My wife, Kathleen, recently pointed out these two mushrooms growing in our front yard. We frequently walk our dog around the neighborhood, so we knew that we alone had been “blessed” with these two interesting growths. I might add that she wanted to know whether they would be safe to eat. I didn’t have any interest in that, but I did discourage her from trying to find out.
To tell you truth, I just enjoyed seeing them out there.
How in the world did these two mushrooms get here, though? Okay, so their seeds–or whatever mushrooms start out as–had obviously landed in our yard and somehow decided that the environment was hospitable enough to take up residence. At least until time to mow the lawn.
But that really doesn’t answer the question, does it?
Where did the seeds come from and how did they travel to our yard? Impossible to know for sure. Perhaps a bird ate some of the parent plants and, uh, dropped the seeds where they landed. Or maybe a dog or some other animal did the same thing–but not from the air.
During the mid-nineties I went on a mission trip to Toowoomba, Queensland, Australia. I stayed in a camp that faced a beautiful sight. Tabletop mountain. Looking at it from the camp, I had no reason to doubt why it had been named that; it looked as if the entire peak had simply been sliced off, leaving it perfectly flat on top.
But what I couldn’t see until I climbed Tabletop Mountain was the number of prickly pear cacti on top. If I hadn’t known I was on a mountain top in Australia, I would’ve thought I was somewhere in the American west.
The explanation my host provided was that birds had dropped those seeds from who-knows-where-else. Like another country, perhaps. Unbelievable.
Whether I wanted to believe that or not, I couldn’t deny the evidence right before my eyes. Like the mushrooms in my front yard, the cacti had somehow reached the mountain top, taken root, and thrived.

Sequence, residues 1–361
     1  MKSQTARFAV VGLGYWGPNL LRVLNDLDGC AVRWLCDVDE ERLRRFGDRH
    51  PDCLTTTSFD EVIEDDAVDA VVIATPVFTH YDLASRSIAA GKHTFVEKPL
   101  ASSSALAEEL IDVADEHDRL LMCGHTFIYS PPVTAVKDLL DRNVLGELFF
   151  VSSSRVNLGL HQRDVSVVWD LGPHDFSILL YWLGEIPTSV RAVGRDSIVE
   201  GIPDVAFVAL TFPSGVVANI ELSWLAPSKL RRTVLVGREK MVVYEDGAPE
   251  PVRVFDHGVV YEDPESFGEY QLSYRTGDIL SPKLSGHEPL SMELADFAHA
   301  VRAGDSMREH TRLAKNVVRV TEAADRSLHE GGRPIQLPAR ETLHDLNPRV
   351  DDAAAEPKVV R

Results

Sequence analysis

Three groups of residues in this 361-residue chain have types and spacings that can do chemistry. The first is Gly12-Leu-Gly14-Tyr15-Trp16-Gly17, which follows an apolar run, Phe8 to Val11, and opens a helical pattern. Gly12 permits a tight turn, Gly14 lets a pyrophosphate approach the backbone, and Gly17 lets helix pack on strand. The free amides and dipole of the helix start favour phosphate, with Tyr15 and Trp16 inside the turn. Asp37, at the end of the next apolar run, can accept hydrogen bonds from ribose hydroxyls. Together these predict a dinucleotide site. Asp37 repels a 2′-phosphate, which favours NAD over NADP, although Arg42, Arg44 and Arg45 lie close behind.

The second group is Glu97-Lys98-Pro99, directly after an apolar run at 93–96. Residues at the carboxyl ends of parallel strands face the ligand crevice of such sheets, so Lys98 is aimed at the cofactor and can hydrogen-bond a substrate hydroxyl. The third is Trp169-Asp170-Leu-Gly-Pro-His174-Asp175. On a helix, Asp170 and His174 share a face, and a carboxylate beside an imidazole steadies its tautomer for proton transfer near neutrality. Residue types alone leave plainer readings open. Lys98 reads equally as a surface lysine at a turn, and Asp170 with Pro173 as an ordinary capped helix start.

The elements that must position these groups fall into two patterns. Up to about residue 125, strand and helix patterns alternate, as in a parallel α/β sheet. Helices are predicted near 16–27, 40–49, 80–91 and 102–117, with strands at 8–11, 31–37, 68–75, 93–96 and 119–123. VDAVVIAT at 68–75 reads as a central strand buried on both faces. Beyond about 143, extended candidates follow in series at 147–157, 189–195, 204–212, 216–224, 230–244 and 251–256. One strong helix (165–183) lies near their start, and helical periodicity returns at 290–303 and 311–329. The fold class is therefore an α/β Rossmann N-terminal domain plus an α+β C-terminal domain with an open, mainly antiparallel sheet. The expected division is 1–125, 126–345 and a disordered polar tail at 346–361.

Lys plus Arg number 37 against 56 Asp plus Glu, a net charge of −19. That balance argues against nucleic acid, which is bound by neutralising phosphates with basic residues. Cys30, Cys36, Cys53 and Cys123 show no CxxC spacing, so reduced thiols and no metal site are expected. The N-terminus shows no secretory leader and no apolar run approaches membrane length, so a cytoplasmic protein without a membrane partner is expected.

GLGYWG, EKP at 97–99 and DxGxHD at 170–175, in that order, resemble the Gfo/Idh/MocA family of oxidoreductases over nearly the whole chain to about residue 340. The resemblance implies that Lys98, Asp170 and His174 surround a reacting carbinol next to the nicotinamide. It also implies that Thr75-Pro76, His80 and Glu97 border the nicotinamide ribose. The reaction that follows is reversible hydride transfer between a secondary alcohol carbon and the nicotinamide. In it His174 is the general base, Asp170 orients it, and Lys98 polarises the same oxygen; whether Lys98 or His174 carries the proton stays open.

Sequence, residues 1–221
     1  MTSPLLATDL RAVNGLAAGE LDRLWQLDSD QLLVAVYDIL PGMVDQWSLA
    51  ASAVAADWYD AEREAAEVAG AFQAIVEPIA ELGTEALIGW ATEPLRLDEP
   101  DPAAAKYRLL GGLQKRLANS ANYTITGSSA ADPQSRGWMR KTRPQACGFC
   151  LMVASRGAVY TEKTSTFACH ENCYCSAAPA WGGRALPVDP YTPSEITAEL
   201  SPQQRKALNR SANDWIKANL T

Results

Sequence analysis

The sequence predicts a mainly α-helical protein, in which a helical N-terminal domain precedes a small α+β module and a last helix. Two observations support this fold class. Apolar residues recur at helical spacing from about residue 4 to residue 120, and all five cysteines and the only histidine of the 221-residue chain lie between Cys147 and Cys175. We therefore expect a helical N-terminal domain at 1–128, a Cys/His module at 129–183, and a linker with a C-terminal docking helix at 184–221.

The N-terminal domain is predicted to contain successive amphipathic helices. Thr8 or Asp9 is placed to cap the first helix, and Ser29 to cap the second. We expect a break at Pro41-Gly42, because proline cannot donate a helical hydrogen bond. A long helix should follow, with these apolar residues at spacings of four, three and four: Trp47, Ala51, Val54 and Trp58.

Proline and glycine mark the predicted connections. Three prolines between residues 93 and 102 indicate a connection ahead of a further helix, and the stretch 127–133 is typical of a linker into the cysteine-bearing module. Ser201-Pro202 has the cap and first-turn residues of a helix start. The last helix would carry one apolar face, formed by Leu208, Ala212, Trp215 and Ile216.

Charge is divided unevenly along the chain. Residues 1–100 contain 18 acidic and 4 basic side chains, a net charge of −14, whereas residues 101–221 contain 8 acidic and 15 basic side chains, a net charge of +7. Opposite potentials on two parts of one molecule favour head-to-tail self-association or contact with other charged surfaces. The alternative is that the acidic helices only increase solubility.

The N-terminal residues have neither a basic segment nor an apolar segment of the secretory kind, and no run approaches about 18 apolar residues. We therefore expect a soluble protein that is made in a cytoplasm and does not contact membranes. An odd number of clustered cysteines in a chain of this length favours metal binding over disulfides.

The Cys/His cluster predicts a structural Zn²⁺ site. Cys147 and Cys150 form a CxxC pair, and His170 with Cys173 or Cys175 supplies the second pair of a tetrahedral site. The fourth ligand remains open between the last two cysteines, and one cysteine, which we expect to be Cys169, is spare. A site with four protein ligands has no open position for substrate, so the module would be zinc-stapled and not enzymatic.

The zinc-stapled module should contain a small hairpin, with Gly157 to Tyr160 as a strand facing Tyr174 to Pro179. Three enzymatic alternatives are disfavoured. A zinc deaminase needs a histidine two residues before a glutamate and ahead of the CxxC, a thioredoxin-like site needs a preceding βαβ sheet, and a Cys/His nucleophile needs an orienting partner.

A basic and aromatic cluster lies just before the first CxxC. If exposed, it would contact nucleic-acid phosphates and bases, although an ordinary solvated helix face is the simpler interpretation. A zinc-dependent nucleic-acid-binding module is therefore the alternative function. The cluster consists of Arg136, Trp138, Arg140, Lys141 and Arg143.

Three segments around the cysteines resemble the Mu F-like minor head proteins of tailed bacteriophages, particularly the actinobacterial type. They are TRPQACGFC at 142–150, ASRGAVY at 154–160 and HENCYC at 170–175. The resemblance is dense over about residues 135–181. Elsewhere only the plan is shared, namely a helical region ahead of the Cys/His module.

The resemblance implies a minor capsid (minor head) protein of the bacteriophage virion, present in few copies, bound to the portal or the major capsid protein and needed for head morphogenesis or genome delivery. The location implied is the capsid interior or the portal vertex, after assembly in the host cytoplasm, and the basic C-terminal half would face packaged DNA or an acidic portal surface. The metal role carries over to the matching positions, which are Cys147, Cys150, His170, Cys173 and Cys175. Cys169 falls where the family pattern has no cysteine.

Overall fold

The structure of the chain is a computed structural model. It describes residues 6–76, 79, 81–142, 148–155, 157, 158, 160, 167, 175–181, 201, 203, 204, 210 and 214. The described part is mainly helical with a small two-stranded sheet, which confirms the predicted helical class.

Looking back at my life–thinking about the various places I’ve lived in Florida, North Carolina, Virgina, and Maryland–I can’t say that I bear much resemblance to the cacti or the mushrooms; I didn’t grow up all in one place. Wherever I’ve lived, however, I’ve taken root–sometimes more successfully than others. And I’ve grown a bit more wherever I was planted. Physically, emotionally, spiritually.
God must have known it would take a number of different places–different influences–to grow me into the person I am now. I haven’t finished growing, though. Reaching sixty-seven has never been the end goal.
But the important thing has been to grow wherever I’ve been planted.
What about you? Have you lived all your life in one place or moved around a lot? How have the different influences on your life shaped who you are?
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“On Aging Gracelessly” isn’t my only blog. On “As I Come Singing”—check it out here–you’ll find the lyrics of many of the Christian songs I’ve written over the last fifty years. Free lead sheets (tune, words, and chords) are available for many of them. Check here to see the list. You’ll also find audio recordings of some of them at the Listen tab on my website.